American Academy of Pain Medicine, American Pain Society, American Society of Addiction Medicine (2001). Definitions Related to the Use of Opioids for the Treatment of Pain. Glenview, IL: AAPM, APS, ASAM. (Available at http://www.ampainsoc.org/advocacy/opioids2.htm.)

Savage, S. R., D. E. Joranson, E. C. Covington et al. (2003). Definitions related to the medical use of opioids: Evolution towards universal agreement. Journal of Pain and Symptom Management 26 (1): 655–667. (Available at http://www.medsch.wisc.edu/painpolicy/biblio.htm.)

Weissman, D. E., and J. D. Haddox (1989). Opioid pseudo-addiction—an iatrogenic syndrome. Pain 36: 363–366.

Heit, H.A., (2003) Addiction, Physical Dependence, and Tolerance: Precise Definitions to Help Clinicians Evaluate and Treat the Patient with Chronic Pain. Journal of Pain and Palliative Care Pharmacotherapy.

As you can see, this Frequently Asked Questions Document goes a long way towards clarifying what had been a somewhat murky and mistrustful relationship between the DEA and the medical profession. Hopefully is has answered many of your questions too!


Patients' Perspective

One out of six households in America contains a member with severe, intractable pain.1 Unfortunately, most of these patients go under-treated because healthcare providers do not provide adequate amounts of opioids to relieve their pain.

Ironically, some patients also perpetuate their own under-treatment of pain because they:

  • don’t always report their pain to their doctor2-4
  • are reluctant to take opioids for intractable pain treatment2,3,5

Whether patients report their pain or not, however, under-treatment of pain is usually inevitable. Eventually, unrelieved pain patients may head into a downward spiral of depression4-8 and, perhaps, begin to consider suicide.4,5,9,10

The New Paradigm creates a new transition in thought that educates patients about pain treatment, empowers patients to seek appropriate relief, and helps patients avoid depression and thoughts of suicide.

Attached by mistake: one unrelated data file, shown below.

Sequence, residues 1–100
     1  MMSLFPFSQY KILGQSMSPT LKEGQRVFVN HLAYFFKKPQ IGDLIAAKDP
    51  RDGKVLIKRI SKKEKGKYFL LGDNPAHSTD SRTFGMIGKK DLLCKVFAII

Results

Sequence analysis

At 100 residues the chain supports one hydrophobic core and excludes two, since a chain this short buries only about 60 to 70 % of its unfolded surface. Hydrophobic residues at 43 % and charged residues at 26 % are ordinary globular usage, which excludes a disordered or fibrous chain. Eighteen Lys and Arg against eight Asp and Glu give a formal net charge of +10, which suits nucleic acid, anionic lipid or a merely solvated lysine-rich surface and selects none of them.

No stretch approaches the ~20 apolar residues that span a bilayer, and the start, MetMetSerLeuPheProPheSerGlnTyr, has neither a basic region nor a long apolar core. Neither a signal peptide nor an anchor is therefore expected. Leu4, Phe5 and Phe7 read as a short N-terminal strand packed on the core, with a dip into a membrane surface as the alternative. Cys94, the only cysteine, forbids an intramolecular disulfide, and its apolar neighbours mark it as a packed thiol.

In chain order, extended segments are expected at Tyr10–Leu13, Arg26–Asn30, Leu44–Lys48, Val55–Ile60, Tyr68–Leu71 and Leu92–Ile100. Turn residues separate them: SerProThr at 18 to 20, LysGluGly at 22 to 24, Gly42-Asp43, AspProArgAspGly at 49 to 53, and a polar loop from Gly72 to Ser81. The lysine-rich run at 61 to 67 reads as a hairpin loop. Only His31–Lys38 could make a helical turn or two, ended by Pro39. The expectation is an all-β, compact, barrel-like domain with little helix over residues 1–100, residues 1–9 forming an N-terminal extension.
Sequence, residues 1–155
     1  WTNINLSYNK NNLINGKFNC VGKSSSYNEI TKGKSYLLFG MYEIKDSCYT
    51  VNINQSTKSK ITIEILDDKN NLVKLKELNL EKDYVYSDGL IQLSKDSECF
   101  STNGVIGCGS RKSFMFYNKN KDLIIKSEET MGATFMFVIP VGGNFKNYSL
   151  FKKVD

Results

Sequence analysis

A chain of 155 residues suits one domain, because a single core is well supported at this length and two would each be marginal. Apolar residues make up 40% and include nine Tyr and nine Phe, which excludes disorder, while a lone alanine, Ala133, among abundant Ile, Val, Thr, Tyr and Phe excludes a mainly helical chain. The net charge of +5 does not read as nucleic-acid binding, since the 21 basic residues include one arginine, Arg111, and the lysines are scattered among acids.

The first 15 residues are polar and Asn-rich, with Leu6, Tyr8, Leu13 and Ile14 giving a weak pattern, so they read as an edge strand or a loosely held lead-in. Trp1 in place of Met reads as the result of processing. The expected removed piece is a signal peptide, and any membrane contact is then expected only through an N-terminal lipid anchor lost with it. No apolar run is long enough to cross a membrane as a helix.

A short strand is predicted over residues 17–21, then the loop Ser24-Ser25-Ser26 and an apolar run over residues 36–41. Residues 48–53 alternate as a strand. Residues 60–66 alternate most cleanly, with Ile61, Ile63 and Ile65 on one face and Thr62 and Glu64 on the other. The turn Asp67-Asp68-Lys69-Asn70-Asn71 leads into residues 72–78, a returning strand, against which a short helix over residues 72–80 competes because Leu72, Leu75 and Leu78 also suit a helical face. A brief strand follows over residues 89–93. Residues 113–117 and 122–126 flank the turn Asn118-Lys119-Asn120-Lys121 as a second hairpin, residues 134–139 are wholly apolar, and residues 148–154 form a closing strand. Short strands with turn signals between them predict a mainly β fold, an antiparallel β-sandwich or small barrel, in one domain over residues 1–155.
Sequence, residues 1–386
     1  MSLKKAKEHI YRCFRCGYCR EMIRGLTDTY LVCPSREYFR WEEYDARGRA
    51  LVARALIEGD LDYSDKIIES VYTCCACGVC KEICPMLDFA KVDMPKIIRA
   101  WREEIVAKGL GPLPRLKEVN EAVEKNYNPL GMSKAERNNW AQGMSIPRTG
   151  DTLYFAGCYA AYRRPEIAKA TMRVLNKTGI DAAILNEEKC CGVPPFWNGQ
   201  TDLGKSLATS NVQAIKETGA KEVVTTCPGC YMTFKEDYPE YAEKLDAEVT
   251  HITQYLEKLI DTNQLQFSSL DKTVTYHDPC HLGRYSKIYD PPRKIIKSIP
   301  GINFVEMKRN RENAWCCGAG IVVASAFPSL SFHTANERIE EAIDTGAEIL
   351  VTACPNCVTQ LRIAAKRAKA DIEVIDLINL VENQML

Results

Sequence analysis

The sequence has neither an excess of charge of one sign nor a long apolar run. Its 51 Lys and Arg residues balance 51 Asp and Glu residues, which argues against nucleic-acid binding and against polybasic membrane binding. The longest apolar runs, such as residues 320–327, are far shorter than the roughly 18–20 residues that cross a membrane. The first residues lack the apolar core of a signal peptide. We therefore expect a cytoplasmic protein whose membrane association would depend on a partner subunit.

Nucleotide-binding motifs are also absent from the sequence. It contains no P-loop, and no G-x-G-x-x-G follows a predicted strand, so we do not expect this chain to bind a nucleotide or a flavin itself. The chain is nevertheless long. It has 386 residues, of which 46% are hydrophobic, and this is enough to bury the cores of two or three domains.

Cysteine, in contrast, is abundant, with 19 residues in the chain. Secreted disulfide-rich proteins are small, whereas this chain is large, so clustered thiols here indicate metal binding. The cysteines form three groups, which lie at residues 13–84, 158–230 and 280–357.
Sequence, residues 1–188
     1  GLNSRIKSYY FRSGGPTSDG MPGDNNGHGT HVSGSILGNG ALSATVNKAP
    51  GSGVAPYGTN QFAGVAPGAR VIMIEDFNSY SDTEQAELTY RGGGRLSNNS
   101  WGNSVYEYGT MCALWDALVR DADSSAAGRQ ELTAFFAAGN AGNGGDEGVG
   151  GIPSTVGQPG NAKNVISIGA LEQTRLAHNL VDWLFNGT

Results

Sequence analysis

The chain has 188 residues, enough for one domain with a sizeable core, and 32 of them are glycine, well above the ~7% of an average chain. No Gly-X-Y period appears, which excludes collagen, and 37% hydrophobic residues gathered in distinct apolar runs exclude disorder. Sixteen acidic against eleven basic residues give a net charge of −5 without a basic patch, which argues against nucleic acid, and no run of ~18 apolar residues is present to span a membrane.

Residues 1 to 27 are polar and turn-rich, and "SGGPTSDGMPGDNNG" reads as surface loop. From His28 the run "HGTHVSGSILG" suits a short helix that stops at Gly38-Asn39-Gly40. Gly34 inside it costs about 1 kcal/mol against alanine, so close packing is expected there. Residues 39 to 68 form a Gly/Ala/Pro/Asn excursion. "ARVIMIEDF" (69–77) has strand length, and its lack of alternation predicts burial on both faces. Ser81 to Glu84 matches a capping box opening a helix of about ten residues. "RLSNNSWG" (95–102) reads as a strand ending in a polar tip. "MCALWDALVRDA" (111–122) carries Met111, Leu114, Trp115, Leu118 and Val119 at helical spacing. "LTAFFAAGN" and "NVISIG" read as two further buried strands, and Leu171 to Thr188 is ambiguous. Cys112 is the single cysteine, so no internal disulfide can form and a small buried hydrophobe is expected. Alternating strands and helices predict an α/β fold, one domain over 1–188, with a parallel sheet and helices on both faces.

Healthcare Reimbursement System's Perspective

As intractable pain management remains a low priority in healthcare, so does it remain a low priority in healthcare reimbursement.1,2 In the United States, many intractable pain patients are not able to comply with their intractable pain treatment because they don’t have the appropriate healthcare coverage to pay for their medication or equipment.

The United States is one of few developed countries that does not provide healthcare coverage for its citizens3; therefore, economic status ultimately determines the quality of care that patients receive.4 The following pattern has developed between patients’ economic status and the quality healthcare that is readily available to them:

  • patients’ economic status reflects the amount of insurance affordable to them
  • the type of insurance patients have determines the amount of healthcare coverage they will receive
  • the amount of healthcare coverage patients receive determines how well they will comply with their prescribed treatment

Steps to overcome healthcare reimbursement limitations

Steps to Overcome Healthcare Reimbursement Limitations

Low priority given to the accountability of pain and pain management coupled with limited access to opioid pain treatment perpetuates inadequate intractable pain relief.1,2 Education of pain’s medical validity is necessary for government healthcare services, private reimbursement services, healthcare providers, and patients to increase opioid compliance.

Researchers have suggested steps to overcome dependency of pain treatment on healthcare reimbursement services that include:6

  • establishing public education programs on opioid pain treatment and drug abuse
  • urging for an increase in validity of pain management and encouraging increased opioid reimbursement
  • increasing communications between physicians and pharmacists in prescribing pain treatment
  • encouraging physicians to constantly examine the pain treatment they prescribe to be that it is best suited for each patient’s pain relief and optimum prescription reimbursement
  • providing medication free of charge or subsidizing prescriptions to pain patients over 60 years of age

 


Pain Management Standards

Overview

Before showing you where to find the JCAHO’s actual Pain Management Standards, we present you with some overview thoughts:

Excuses for inadequate pain control appear to have run their course and will no longer be accepted because poor pain control is unethical, clinically unsound, and economically wasteful.

This was the prevailing notion underlying the spring 2000 Chicago Leadership Summit on Pain Management sponsored by the Joint Commission on Accreditation of Healthcare Organizations (JCAHO) and the American Pain Society (APS). The second such meeting was held in Los Angeles.

Dennis S. O'Leary, MD, president of the JCAHO, said that appropriate pain management is good medicine because it results in quicker clinical recovery, shorter hospital stays, fewer readmissions, and improved quality of life, leading to increased productivity. He said that the "mystique of pain" the long-held notion that because pain is subjective it eludes objective measurement has given way to evidence-based medicine as newer methods of assessing and controlling pain have emerged.